He came back quickly in April, taking an extremely, short-notice and 20-pound weight cut, fight and grabbed his second major St. Louis amateur title, this time at Shamrock FC: No Mercy. Pena withstood an opening blitzkrieg from Evan Elder settled and dominated the young, crackerjack, getting a third-round finish with a rear naked choke. That win gave Pena the Shamrock FC lightweight belt to go alongside his Fight Hard lightweight title and the Golden Gloves championship all four months into the year.
“There is one thing that people don't understand if you want results you have to put in the hard work," Pena told KJ after the Elder fight. "You can ask any of my teammates, any of my coaches, I put in the hard work day in and day out. I hate saying it like this, but I deserve everything that's come to me.”
In September Pena made his pro debut back at the Family Arena for Fight Hard MMA. Across from him was a former foe, Chris Petty, who handed Pena a rare defeat in December of 2015.
Pena exacted revenge with a KO of the Year nominating performance when he first popped Petty with a jab and then landed a scintillating straight left hand for the knockout with 36.6 left in the first round.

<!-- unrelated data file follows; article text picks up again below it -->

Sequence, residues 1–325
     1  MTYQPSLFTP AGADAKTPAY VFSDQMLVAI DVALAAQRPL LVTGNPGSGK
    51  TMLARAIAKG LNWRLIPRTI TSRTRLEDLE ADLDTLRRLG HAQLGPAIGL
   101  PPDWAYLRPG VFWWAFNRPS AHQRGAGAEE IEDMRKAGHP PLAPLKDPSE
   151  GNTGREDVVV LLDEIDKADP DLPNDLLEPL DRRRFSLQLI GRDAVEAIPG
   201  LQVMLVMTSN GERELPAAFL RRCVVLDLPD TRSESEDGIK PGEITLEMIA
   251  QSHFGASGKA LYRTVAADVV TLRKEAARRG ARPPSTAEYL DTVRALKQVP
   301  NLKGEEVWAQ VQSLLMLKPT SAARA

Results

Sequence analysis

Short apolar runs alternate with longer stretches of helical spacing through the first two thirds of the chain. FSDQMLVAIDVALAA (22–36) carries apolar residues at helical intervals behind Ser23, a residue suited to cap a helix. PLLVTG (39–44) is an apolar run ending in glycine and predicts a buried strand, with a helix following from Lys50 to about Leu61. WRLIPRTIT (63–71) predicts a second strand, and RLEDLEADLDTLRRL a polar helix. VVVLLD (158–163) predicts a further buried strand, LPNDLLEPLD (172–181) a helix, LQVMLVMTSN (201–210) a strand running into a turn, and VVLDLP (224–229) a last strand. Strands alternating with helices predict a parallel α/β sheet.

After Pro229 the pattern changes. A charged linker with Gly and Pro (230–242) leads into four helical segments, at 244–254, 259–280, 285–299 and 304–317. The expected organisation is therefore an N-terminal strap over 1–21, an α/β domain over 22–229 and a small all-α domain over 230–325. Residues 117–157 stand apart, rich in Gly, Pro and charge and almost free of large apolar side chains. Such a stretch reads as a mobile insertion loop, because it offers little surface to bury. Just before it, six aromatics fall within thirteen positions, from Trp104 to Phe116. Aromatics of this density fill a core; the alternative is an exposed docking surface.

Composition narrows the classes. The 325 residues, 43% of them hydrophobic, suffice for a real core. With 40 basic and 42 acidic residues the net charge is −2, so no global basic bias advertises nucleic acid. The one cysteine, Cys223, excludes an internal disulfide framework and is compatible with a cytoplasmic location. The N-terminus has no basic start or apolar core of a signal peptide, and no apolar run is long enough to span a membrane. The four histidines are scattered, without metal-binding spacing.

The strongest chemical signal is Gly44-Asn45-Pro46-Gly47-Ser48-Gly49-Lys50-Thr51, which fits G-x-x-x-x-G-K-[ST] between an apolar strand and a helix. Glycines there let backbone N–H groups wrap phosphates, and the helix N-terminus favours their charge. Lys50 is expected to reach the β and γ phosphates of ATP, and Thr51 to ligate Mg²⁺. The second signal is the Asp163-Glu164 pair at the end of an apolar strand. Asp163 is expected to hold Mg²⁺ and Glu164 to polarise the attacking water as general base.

After winning the blue belt open division at an AGF tournament in November, he was back fighting for Shamrock FC at December's high-profile Shamrock FC 279 where he came away with one of the top performances of the night and cemented the fact that he has the most complete MMA game around.
Pena submitted a tough and gnarly Brandon Schehl in the second round via rear naked choke. He stymied Schehl early on, his length and flexibility slowed Schehl's wrestling and Pena was able to bust Schehl up with elbows. Calm and confident throughout on his feet, Pena was looking to set up a big finish. In the second he slithered to the back again and put in a deep rear naked choke for the win at 3:40 in the second round.
Not surprising, Pena is right back at it. This weekend, in fact. He makes his K1 pro debut at the 10,000 seat Chaifetz Arena for Gateway FS: New Years Resolution 2.
“His personality and attitude have a lot to do with his success,” Hickey said. “His passion is his biggest strength.”